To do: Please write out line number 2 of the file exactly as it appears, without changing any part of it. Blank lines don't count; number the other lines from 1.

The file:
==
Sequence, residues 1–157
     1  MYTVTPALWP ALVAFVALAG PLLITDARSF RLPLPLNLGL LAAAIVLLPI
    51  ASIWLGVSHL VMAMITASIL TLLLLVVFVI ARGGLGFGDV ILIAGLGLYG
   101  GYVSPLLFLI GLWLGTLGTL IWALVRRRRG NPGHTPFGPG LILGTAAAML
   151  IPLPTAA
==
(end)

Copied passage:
     1  MYTVTPALWP ALVAFVALAG PLLITDARSF RLPLPLNLGL LAAAIVLLPI